Would something like this sell, and for how much? - Mothering Forums
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#1 of 32 Old 07-24-2005, 07:39 AM - Thread Starter
 
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Once I actually get my site off the ground I am planning on selling diaper bags and cloth diapers. This is a prototype for a bag (jumbo size bag, I will make different sizes) and it's made with fabric I had on hand - I will try to use brighter more photogenic fabrics on ones for sale. Please excuse the photos, as it's darned near impossible to photograph black and white contrast fabric under incandescent lighting, and natural light isn't available at 4 a.m.

Bag zipped up. I made up this design myself, it is a messenger-look bag, in which the top flap zips off entirely to become a changing pad. The d-rings are reinforced to prevent tear-through. I haven't made the strap yet.
http://img.photobucket.com/albums/v1...g/DSCF5691.jpg

This is with the changing pad zipped off. The pad is 16"x27" on this particular bag- big enough to fit most toddlers. You can see a pocket on the front, the white thing sticking out is a small wipes bag. The main bag has a divider that runs down the middle and a large PUL wet bag that just fits in one half.
http://img.photobucket.com/albums/v1...g/DSCF5693.jpg

With the large wet bag removed.
http://img.photobucket.com/albums/v1...g/DSCF5696.jpg

A bad picture of the large wet bag (8x8x12). Both of my wet bags are constructed so the PUL does not share any seams with the cotton outer to prevent wicking. They zipper closed. The zipper is diagonal on the large bag, to make it easier to put items in and out.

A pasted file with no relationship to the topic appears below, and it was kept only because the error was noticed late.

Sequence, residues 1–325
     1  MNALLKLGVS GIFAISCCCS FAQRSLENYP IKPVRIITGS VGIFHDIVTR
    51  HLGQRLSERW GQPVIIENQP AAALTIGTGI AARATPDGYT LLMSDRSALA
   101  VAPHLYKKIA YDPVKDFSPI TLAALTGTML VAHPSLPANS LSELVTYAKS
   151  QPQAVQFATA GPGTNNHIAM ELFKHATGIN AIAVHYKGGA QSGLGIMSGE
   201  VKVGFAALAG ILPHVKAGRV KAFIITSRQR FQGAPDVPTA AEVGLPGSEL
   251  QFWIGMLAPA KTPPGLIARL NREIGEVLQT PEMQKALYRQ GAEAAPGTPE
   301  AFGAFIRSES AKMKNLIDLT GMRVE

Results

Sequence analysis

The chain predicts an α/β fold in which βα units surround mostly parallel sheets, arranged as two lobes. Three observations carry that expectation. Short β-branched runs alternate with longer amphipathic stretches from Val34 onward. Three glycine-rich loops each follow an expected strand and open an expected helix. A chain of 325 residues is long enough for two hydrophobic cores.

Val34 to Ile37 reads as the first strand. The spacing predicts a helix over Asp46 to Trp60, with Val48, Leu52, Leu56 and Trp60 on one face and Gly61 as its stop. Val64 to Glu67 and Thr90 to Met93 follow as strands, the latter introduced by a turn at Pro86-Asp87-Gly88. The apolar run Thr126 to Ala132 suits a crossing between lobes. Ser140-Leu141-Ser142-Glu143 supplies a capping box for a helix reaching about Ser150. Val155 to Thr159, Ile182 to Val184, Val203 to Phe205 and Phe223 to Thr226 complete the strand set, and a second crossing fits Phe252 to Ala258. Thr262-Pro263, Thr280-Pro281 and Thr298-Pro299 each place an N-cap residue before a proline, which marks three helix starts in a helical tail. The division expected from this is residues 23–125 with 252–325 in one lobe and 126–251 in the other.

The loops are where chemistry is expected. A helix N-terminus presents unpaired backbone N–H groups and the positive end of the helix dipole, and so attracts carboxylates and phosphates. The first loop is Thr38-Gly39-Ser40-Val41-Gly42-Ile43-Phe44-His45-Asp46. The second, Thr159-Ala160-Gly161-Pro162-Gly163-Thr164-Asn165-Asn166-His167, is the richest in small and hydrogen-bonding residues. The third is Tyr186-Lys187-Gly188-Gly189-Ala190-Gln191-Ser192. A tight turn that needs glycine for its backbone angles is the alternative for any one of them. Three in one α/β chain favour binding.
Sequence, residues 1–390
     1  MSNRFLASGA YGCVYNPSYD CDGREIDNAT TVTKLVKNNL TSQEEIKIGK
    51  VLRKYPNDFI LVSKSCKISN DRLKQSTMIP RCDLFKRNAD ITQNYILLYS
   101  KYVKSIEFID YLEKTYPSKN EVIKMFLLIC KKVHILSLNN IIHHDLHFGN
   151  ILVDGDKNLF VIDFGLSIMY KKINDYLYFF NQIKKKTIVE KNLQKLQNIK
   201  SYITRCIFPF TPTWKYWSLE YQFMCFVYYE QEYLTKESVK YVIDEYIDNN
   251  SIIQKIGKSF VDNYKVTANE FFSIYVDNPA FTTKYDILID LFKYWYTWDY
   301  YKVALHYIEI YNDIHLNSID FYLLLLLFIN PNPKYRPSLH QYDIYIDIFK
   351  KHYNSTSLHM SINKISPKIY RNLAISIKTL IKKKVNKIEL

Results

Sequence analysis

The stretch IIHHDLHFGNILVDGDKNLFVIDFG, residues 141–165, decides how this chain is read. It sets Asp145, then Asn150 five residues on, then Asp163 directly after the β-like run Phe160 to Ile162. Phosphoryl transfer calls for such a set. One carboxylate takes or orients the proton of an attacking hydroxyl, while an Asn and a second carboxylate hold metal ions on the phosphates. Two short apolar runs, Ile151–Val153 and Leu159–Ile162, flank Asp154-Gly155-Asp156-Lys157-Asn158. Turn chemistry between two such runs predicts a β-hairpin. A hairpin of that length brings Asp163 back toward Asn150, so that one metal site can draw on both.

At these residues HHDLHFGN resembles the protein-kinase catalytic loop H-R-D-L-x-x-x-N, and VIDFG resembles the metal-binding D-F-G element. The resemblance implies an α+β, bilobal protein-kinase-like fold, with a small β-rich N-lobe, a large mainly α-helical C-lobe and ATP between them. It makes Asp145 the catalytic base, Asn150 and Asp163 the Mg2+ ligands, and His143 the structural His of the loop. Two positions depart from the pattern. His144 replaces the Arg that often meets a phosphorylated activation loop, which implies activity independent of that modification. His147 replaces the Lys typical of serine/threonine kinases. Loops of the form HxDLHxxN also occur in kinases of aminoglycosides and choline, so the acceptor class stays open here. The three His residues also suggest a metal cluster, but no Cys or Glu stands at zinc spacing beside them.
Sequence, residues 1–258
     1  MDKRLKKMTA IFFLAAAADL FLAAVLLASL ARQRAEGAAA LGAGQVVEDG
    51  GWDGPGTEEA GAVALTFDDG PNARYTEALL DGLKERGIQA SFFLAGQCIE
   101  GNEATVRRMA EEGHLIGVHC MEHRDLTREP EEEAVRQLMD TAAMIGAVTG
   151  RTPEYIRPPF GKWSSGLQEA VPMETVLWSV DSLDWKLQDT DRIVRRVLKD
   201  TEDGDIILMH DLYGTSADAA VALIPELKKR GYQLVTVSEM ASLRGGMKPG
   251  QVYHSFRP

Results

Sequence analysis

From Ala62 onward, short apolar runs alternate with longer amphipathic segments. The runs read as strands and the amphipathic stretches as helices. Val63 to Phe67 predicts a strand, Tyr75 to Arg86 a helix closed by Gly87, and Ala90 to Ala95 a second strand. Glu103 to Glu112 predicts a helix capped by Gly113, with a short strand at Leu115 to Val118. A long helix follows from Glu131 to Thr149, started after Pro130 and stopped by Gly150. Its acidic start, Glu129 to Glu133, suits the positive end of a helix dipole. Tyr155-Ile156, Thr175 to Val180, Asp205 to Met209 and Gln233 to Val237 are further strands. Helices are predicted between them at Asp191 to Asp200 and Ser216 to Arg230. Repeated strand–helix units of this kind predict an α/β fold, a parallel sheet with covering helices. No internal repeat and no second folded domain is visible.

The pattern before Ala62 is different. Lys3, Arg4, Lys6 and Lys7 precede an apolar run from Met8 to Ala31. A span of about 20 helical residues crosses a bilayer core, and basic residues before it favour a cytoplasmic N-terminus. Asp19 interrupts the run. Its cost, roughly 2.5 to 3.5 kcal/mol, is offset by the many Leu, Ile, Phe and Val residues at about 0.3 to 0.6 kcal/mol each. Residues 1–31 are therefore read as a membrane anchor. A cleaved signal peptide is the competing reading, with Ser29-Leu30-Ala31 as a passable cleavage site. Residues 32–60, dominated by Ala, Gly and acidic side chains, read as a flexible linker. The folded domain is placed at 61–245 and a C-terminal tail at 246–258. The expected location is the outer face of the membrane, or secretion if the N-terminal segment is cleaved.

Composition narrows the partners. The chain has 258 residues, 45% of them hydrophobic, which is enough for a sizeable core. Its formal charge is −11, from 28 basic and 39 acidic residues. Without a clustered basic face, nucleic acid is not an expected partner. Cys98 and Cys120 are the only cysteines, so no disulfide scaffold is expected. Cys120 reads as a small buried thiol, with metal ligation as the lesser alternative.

http://img.photobucket.com/albums/v1...g/DSCF5697.jpg

This is the small wipes bag, which comes with a variety of co-ordinating wipes in Sherpa, BKT, hemp terry.
http://img.photobucket.com/albums/v1...g/DSCF5694.jpg


What would you think of a product like this? Do you think people would buy such a bag? How should I set the price? Is there anything I should change?

Thanks in advance.
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#2 of 32 Old 07-24-2005, 08:08 AM
 
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Not sure of price, but you might want to think about selling it in three parts:
bag w/pad
lg wet bag
wipes bag w/wipes
you could let customers mix&match colors & fabrics...

and all 3 as a set for slightly less than the cost of all 3 seperately

I'd definately buy the bag&pad, not sure about the wet bags (don't CD).

If I really like the color & fabric, I'd prob be willing to pay $45-50 for the bag&pad... but that's taking into account my budget more than the market.
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#3 of 32 Old 07-24-2005, 08:37 AM
 
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love the bag..very creative!! I think I would pay $35 to $45 for it.
When I had my arts and crafts business what I would do to price idems is figure out how much it cost me to make then tripple that. Does not always work though but its a good way to start......
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#4 of 32 Old 07-24-2005, 09:45 AM
 
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Figuring out the correct price for a product is part magic and part science.

1. know your customer. Are you your target customer? What would you pay? Is your target customer pregnant and looking for a bag or is she a more seasoned mom who has realized that the bag she bought on a whim at BRU doesn’t work for her. The seasoned mom will probably pay a bit more and will better understand the features and benefits.
You really need to get into the mind of the consumer.